Guido Bonatti: On War

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By the end of the twelfth century the astrologer had become a chief source of advice much relied upon by temporal and spiritual leaders of European Society. During this and in succeeding centuries astrologers were viewed as supreme scientists as they sought to deal with the underlying principles of science and indeed, studied the very laws of nature herself.

Guido Bonatti (died c. 1300) stood out as one of the most distinguished and successful of these astrologers, being mentioned by Salimbene , Filippo, Villani and Fossi . His influence and renown was such that Dante placed him in the eighth circle of the Inferno.

Bonatti on War is divided into two parts. The first examines the role of the astrologer as a military adviser in the Middle Ages and the Renaissance. It also gives a brief account of Bonatti's career and offers some insights into his Tractatus Sextus (or Sixth Treatise).

The second part is the translation proper. This is from the Tractatus Sextus of Bonatti's Liber Astronomiae which Thorndike describes as "The most important astrological work produced in Latin in the 13th century." The translated section examines the matters that an astrologer should take into account when deciding questions relating to war: from the practical - what to do and when; to the decisive - who will be the victor and the vanquished; to the ethical - whether the war itself is a "just" war.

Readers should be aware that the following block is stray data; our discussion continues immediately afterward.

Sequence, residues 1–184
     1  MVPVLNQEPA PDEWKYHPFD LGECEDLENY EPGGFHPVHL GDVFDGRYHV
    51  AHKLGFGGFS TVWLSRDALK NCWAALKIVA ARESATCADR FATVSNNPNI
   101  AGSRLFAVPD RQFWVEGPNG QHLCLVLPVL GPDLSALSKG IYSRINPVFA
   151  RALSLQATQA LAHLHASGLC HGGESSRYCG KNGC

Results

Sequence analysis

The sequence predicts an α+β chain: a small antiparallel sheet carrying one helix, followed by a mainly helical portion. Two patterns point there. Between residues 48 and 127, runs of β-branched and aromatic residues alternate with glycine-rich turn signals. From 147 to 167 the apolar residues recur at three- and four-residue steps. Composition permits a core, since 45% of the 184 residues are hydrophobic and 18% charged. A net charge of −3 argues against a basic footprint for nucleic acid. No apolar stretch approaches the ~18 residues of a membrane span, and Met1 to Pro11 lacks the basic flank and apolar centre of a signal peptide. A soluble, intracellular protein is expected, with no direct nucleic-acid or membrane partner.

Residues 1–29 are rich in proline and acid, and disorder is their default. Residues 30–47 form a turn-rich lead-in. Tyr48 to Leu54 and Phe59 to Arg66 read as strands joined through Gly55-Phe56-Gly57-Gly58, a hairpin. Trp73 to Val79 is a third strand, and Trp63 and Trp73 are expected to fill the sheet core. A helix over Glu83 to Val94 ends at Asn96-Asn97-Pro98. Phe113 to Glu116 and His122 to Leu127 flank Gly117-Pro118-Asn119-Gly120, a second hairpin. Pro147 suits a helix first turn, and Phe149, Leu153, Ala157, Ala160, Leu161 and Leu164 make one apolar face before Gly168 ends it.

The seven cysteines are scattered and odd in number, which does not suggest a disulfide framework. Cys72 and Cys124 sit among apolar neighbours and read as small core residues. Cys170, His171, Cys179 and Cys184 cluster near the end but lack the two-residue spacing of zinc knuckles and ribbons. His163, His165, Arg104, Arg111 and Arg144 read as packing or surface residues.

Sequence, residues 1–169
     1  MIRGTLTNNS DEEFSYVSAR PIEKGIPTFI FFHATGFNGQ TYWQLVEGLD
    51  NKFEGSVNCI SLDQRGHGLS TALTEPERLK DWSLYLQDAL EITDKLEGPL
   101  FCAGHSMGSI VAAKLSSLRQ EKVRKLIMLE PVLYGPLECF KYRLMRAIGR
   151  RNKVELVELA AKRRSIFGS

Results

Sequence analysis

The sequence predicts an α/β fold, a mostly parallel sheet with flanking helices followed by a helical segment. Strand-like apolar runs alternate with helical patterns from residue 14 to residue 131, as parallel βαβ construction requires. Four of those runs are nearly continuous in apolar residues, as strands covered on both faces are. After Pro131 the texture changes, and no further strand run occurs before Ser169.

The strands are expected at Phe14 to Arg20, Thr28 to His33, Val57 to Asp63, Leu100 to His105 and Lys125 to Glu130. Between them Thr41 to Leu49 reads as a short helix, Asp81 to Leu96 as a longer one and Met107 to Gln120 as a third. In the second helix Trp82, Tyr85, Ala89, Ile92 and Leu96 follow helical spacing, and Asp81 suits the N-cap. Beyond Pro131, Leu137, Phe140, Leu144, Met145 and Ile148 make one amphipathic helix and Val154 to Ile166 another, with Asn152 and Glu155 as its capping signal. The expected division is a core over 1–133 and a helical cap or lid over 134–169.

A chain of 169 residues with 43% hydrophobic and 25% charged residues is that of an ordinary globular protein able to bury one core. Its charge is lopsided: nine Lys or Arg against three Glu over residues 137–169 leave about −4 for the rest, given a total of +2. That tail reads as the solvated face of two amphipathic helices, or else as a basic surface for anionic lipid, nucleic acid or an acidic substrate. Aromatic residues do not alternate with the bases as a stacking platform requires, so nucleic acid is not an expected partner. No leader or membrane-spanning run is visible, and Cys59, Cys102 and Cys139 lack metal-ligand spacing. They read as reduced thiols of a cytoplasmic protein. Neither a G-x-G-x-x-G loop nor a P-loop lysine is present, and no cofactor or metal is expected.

It offers a rich vein to the present-day astrologer who may use Bonatti's techniques to examine modern warfare. Indeed, some modern practitioners have taken the broader principle of warfare as being competition and successfully applied the same techniques to sporting competitions.

Bonatti's examination of warfare goes well beyond an exposition of theory. He is writing from the viewpoint of someone who has personally tested these techniques in the heat of battle. He uses real incidents to elucidate many of the rules he gives.

An illustration of Bonatti's aptitude is given by the independent Annals of Forli {an ancient town in Southern Italy}, which describes his playing a prominent part in the defence of that town in 1282. At that time, his patron Montefeltro was defending Forli against a large army sent by Pope Martin IV.

"Then Guido of Montefeltro, captain of the people of Forli, together with Lord Guido Bonatti, a citizen, philosopher, and most eminent astrologer, having called the people together in the public square," proceeded to instruct them of a manoeuvre that involved their leaving their town to return at an opportune time. On their return they set upon the enemy who had moved to occupy the fortified precincts. This strategy was a resounding success. The Annals give much credit to Bonatti making direct reference to his counsel, art of astrology and forecasting of the future all of which laid a solid foundation for the successful deployment and victory against heavy odds.

Guido Bonatti: On War
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